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The Dally Tar Hel
Tuesday, Feb. 18, 1975
east on norsemea
by Andy Sidden
Roraar has a hearty appetite. He eats a dozen apples, a dozen
oranges, a quart of green beans, eight slices of bread, eight ounces of
stewed beef and half a pineapple each day.
Romar, a 235-pound gorilla, is one of more than 1 00 animals fed
and cared for at the North Carolina Zoological Park under
construction near Asheboro.
Along with his food, Romar is supposed to have a quart of milk
"It's sometimes hard to get that much in him," zookeeper John
Freeze, a 74 UNC graduate, said. He usually gets about a pint along
with some orange juice."
Freeze said most of the animals are vegetarians and their food can
usually be bought in local grocery stores.
"It's sometimes hard to get pineapples, though, in a small town like
Asheboro," he said.
Feeding the carnivorous animals presents more of a problem.
Many of them eat horsemeat, while the zoo's seven boa constrictprs
lunch on dead mice. Few grocery stores in Asheboro or elsewhere
stock these items.
"The snakes are probably my favorites of all the animals," Freeze
said. Tve got a pet boa of my own at home. I feed him dead hamsters
instead of mice."
It cost $20,000 to feed the animals this year. Zoo Operations
Manager A.H. Lueker estimates it will cost $35,000 next year. The
state pays the cost of operation; the North Carolina Zoological
are watching the
Society hopes to raise the money for the 20-year construction
program. . . -.
Dippy, a white-handed gibbon (a small Asian ape), works to cut
food costs by gathering some of his own food. He searches for little
delicacies such as dandruff and lint from the zoo keepers' hair.
Sometimes he gets a little rough-
"Dippy grabbed my hair through the peep-hole behind his cage the
other day and banged my head against the wall," said zookeeper
John Byrd, a former chemistry teacher. It was all I could do to get
Byrd has been trampled by an antelope, charged by a pregnant
bison and bitten by a wide assortment of animals at the zoo.
"It's times like those when I wish I was back teaching school," he
said. I really love all the animals, though."
Only seven keepers work at the zoo now, but by the time it's
completed it will employ several hundred.
The park, the first state-supported zoo in the country, has the
potential to become the largest walk-through zoological park in the
world. Its master plan calls for 1,37 1 acres divided into sections:
South and North America, South and East Africa, Australia,
Europe, Asia, "World of Seas" and North Carolina.
The zoo will be built in phases, Freeze said. Phase One, the African
sections, should be finished in two or three years. The zoological
society hopes to raise $ 1 3.4 million for this phase. It will take 20 to 25
years to complete the zoo.
Romar, the gorilla, will live in the African section and will require
one of the many special structures planned to protect animals that
can't thrive in North Carolina's climate. Temperature, humidity and
light in these buildings will be the same as in the animals' natural
habitats. Zoo visitors will be able to go from sub-freezing arctic areas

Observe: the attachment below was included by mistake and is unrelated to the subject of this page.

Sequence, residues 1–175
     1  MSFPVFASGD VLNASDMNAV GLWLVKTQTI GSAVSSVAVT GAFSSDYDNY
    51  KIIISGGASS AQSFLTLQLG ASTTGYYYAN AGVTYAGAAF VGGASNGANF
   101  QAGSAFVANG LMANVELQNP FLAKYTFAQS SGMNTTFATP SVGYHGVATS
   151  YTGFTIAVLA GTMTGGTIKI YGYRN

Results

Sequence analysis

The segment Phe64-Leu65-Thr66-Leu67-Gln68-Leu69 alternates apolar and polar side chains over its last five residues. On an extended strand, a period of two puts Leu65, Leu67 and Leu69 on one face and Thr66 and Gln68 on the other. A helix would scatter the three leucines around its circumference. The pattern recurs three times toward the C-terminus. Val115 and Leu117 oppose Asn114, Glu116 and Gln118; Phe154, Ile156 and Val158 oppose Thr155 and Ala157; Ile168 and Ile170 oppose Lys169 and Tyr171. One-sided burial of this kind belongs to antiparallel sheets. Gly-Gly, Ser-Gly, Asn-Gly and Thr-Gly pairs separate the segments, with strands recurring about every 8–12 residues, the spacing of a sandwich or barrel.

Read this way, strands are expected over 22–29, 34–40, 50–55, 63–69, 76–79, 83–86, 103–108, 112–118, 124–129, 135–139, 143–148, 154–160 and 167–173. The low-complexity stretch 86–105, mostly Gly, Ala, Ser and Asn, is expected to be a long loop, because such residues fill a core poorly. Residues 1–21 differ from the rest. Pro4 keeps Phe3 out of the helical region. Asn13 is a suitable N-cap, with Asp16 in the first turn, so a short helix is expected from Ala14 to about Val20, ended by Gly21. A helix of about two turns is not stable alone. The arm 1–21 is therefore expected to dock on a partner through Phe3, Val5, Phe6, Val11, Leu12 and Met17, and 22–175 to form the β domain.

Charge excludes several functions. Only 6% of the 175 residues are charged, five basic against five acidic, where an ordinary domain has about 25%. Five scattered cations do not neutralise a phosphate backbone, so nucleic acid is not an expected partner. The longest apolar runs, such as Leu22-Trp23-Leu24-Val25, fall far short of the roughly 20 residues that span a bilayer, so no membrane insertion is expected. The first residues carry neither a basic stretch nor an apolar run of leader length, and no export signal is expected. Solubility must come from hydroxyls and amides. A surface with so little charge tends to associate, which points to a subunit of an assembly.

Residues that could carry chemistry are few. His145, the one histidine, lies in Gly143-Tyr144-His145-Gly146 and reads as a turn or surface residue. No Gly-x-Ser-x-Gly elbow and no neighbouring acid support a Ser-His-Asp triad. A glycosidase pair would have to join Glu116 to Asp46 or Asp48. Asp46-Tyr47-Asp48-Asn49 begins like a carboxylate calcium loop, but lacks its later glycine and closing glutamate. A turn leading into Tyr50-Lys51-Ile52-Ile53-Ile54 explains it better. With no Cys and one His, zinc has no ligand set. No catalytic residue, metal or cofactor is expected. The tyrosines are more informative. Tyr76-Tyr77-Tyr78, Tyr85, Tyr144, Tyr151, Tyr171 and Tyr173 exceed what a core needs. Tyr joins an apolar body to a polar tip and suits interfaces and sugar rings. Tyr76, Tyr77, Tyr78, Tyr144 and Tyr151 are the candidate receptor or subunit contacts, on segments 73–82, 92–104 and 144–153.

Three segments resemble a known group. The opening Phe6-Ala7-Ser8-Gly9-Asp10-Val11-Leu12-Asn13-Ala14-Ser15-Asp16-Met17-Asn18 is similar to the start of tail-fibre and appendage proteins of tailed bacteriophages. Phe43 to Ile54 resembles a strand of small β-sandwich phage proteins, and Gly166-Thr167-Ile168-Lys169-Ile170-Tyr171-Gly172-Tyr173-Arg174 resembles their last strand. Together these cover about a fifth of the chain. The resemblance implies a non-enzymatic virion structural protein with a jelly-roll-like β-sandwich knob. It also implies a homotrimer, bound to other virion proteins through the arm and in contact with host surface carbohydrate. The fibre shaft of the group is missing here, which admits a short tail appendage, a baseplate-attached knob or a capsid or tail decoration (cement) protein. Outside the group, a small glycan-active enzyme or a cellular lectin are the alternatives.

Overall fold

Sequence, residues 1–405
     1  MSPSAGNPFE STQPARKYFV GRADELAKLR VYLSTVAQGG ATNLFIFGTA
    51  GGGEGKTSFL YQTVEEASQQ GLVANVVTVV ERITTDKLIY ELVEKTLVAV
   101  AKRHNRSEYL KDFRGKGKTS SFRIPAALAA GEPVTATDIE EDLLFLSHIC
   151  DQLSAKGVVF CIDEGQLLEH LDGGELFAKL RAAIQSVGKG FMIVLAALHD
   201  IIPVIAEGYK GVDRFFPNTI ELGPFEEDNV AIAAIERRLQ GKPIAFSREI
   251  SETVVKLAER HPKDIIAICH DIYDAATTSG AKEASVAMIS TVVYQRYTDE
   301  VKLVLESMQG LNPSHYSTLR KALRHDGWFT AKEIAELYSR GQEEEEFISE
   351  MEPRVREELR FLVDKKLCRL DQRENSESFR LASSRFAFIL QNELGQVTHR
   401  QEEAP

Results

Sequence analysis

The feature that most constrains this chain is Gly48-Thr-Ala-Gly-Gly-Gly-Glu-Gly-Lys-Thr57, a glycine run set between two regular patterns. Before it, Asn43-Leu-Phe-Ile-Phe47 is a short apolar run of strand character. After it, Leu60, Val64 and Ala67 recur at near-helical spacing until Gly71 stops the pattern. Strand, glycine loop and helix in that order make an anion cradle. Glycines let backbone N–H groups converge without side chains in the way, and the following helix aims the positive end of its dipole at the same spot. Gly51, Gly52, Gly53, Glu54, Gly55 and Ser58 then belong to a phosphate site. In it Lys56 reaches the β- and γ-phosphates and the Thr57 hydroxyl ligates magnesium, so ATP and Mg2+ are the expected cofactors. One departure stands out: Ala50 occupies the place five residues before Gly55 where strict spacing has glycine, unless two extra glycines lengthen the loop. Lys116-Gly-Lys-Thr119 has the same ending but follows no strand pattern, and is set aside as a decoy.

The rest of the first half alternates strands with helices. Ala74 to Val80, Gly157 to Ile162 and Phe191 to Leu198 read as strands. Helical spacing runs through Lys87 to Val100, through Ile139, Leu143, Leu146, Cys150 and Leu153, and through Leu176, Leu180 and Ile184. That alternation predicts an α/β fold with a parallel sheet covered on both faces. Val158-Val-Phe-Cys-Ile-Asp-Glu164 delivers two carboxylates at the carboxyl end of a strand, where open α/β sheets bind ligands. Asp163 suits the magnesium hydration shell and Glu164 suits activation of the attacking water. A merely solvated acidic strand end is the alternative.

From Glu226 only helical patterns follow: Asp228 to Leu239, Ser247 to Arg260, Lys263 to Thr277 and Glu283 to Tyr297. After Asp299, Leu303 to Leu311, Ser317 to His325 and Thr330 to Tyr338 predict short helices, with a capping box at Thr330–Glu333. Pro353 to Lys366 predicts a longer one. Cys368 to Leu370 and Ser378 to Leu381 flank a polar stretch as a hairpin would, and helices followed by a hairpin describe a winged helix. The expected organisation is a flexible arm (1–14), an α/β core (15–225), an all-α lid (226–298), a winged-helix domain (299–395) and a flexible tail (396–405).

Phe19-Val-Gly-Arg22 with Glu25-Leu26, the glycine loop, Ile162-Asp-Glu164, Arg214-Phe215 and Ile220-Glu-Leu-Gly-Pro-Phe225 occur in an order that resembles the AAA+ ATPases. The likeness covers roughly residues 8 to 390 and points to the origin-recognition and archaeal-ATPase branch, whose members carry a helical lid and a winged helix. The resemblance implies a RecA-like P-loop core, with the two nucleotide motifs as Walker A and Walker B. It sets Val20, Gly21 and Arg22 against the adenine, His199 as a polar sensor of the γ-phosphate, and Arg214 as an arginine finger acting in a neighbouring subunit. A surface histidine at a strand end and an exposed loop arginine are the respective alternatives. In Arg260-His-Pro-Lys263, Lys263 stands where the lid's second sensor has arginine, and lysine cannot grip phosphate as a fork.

to scorching deserts.
Zoo Director Bill Huff said last summer that entering the
structures would be similar to entering different climate zones with
Animals not needing climate control will stay in open areas
representing their own natural habitats, separated from other habitat
areas by moats, ridge lines or patches of forest.
Romar and Dippy, the gibbon, now live in the large animal display
building at the interim zoo along with" about 30 other animals.
Animals not housed in this building live outdoors in oblong cages,
called runs, or in fenced in pastures.
The zoo is open to the public from 9 a.m. to 5 p.m. each day and
admission is. free.
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Zookeeper John Freeze feeds giraffe at the new North Carolina Zoological Park near Asheboro
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Some inner cities have special schools, roi
little boys who don't talk.
Not mute little boys. But children so withdrawn
so afraid of failure, they cannot make the slightest
attempt to do anything at which they might fail.
Some don't talk. Some don't listen. Most don't
behave. And all of them don't learn.
One day someone asked us to help.
Kodak responded by working with the teachers.
Showed them how, through the language of pictures,
the children could communicate as they never could
before. And the teachers sent the kids out to take
pictures with their cameras.
And then the miracle. Little boys who had never
said anything, looked at the pictures and began to
talk. They said "This Is my house." "This is my dog."
"This is where I like to hide." They began to explain,
to describe, to communicate. And once the chan
nels of commumcation had been opened, they
began to learn. -
What does Kodak stand to gain from this? Well,
we're showing how our products can help a teacher
and maybe creating a whole new market. And
we're also cultivating young customers who will
someday buy their own cameras and film. But more
than that, we're cultivating alert, educated citizens.
Who will someday be responsible for our society.
After all, our business depends on society. So
we care what happens to it.
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